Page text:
Data collection: CAD-4 EXPRESS (Enraf–Nonius, 1994 [triangle]); cell refinement: CAD-4 EXPRESS; data reduction: XCAD4 (Harms & Wocadlo, 1995 [triangle]); program(s) used to solve structure: SHELXS97 (Sheldrick, 2008 [triangle]); program(s) used to refine structure: SHELXL97 (Sheldrick, 2008 [triangle]); molecular graphics: ORTEP-3 for Windows (Farrugia, 1997 [triangle]) and PLATON (Spek, 2003 [triangle]); software used to prepare material for publication: WinGX publication routines (Farrugia, 1999 [triangle]) and PLATON.

Table 1
Hydrogen-bond geometry (Å, °)

Supplementary Material

Crystal structure: contains datablocks I, global. DOI: 10.1107/S1600536808026883/wn2275sup1.cif

Structure factors: contains datablocks I. DOI: 10.1107/S1600536808026883/wn2275Isup2.hkl

Additional supplementary materials: crystallographic information; 3D view; checkCIF report

Acknowledgments

The authors acknowledge the purchase of the CAD-4 diffractometer under grant DPT/TBAG1 of the Scientific and Technical Research Council of Turkey.

supplementary crystallographic information

Comment

Few classes of coordination compounds have been the subject of as much attention as Schiff base complexes formed by the condensation of amines with carbonyl derivatives (Hökelek et al., 2004; Uçan & Mercimek, 2005; Uçan et al., 2005). Schiff bases of diamines and their complexes have a variety of applications including biological, clinical and analytical (Garg & Kumar, 2003; Mokles & Elzaher, 2001; Amirnasr et al., 2002). A great number of Schiff base complexes with metals have provoked wide interest because they possess a diverse spectrum of biological and pharmaceutical activities, such as antitumor and antioxidative activities, as well as the inhibition of lipid peroxidation (Bella et al., 2004; Chandra & Kumar, 2005; Ray et al., 2003; Yang et al., 2000). We report here the crystal structure of the title compound.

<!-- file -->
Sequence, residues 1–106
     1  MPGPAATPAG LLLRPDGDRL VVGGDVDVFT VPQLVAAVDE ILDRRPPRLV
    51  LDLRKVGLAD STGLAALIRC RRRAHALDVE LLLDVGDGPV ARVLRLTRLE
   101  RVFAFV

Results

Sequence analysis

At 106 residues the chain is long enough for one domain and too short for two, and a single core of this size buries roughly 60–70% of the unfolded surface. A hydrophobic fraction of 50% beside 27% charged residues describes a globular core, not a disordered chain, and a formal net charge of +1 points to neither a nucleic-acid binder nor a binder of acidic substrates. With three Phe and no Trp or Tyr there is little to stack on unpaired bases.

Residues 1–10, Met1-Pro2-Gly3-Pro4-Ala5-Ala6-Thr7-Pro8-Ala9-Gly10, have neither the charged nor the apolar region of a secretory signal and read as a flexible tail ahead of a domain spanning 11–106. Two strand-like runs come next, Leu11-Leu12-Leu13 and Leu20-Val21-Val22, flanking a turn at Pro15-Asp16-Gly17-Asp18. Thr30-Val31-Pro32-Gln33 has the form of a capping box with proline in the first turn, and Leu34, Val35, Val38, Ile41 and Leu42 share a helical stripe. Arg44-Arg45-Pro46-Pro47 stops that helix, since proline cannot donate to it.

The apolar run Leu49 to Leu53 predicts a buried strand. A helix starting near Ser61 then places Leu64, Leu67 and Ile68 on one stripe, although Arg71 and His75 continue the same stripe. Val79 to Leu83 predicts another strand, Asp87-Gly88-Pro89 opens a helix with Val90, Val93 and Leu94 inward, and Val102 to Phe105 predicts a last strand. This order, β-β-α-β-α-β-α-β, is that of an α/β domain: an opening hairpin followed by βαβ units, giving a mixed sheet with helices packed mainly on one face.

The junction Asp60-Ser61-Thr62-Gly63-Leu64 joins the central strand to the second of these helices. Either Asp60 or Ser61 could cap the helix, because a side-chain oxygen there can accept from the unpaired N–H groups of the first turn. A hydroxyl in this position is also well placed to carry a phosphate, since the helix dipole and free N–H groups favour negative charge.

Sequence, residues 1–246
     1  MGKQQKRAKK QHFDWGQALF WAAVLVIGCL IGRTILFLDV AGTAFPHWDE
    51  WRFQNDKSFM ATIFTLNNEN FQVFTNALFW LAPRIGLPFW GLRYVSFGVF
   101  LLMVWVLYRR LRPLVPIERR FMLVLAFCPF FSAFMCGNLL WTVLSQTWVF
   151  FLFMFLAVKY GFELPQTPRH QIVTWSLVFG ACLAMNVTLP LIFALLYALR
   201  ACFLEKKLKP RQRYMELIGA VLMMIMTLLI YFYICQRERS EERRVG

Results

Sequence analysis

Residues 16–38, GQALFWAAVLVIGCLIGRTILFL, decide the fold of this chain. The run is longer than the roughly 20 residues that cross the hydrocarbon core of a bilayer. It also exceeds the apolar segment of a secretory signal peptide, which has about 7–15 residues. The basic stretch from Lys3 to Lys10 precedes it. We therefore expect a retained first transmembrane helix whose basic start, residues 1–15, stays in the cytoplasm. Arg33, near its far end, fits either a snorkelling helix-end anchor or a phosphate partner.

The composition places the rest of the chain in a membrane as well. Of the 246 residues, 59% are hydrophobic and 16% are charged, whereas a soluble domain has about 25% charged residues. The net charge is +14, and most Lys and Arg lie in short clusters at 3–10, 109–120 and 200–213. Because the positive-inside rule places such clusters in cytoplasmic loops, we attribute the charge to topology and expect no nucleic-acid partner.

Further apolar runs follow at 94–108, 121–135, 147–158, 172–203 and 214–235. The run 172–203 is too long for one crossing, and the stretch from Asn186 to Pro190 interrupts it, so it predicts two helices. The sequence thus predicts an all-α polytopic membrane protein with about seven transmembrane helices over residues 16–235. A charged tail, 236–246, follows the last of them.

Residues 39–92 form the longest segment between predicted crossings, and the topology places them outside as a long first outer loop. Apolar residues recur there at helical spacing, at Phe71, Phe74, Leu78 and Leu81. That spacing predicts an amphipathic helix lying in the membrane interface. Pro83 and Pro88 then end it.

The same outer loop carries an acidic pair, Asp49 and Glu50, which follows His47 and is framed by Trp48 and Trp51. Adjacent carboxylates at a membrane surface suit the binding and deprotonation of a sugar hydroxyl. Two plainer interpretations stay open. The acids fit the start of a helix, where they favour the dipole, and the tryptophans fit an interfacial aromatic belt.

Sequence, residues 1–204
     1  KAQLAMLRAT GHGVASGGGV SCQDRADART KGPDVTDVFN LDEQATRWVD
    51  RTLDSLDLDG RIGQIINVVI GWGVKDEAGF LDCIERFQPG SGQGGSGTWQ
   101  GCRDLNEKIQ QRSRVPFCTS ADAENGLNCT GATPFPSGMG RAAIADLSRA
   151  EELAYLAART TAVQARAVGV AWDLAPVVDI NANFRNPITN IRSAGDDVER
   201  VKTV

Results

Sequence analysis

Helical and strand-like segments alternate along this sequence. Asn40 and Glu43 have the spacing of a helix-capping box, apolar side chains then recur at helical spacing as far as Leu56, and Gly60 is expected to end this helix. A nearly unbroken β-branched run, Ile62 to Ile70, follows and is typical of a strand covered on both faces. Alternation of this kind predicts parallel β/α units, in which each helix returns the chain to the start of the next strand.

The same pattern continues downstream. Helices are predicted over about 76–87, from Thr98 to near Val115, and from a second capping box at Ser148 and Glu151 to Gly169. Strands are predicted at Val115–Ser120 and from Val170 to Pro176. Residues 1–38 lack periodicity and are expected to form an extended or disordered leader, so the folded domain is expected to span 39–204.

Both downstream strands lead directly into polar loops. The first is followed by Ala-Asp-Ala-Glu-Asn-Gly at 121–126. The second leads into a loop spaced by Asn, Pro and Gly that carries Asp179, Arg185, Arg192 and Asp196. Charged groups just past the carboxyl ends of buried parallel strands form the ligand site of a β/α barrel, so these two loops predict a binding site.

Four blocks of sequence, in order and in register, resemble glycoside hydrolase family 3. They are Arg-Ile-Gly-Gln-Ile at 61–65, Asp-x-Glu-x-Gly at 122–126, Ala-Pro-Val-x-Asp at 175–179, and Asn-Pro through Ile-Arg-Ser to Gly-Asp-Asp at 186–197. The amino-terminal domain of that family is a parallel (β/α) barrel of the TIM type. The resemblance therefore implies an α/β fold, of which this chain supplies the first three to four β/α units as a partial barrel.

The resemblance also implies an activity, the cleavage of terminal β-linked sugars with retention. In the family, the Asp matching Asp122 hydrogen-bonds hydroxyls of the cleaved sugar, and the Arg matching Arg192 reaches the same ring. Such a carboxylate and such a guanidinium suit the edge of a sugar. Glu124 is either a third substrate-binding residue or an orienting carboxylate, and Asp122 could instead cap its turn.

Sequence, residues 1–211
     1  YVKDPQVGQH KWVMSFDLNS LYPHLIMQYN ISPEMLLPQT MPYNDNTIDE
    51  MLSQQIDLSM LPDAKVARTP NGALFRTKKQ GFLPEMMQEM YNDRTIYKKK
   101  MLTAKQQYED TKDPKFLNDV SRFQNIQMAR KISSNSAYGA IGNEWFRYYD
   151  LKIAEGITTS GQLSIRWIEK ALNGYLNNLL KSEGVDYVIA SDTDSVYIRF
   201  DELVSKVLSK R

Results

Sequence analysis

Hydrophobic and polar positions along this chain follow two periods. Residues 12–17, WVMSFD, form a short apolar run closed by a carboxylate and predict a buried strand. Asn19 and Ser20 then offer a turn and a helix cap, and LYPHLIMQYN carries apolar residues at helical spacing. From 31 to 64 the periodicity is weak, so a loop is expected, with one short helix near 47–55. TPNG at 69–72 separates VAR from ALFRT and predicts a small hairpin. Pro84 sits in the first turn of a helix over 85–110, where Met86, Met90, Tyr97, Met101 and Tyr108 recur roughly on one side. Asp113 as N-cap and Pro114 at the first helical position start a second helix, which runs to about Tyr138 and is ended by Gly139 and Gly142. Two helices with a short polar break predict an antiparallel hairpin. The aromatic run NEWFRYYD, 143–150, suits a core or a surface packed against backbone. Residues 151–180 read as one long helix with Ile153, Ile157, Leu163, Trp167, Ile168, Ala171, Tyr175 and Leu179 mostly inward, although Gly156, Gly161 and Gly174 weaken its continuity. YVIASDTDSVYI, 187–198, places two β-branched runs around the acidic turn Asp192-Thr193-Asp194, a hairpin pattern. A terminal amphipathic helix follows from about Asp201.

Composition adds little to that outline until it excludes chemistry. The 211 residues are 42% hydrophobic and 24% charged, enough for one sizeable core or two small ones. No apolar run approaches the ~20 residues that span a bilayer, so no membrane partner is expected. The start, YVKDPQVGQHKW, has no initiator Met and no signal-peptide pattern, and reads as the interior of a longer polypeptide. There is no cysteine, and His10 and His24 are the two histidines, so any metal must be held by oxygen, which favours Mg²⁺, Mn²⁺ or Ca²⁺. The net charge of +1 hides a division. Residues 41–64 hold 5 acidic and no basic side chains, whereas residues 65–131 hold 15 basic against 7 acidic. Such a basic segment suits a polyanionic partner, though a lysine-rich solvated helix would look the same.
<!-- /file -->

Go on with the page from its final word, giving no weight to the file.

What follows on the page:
In the molecule of the title compound, (Fig. 1) the bond lengths (Allen et al., 1987) and angles are generally within normal ranges. Rings A (C1—C6) and B (C8—C13) are, of course, planar, and they are oriented at a dihedral angle of 0.78 (20)°; with the exception of two methyl H atoms the molecule is essentially planar. It is known that Schiff bases may exhibit thermochromism or photochromism, depending on the planarity or non-planarity of the molecule, respectively. Therefore, one can expect thermochromic properties in the title compound as a result of the planarity of the molecule. The intramolecular O—H···N hydrogen bond (Table 1) results in the formation of a non-planar, six-membered ring C (N1/O1/C7/C8/C13/H1); this adopts a flattened-boat conformation having a total puckering amplitude, QT, of 0.381 (3) Å (Cremer & Pople, 1975).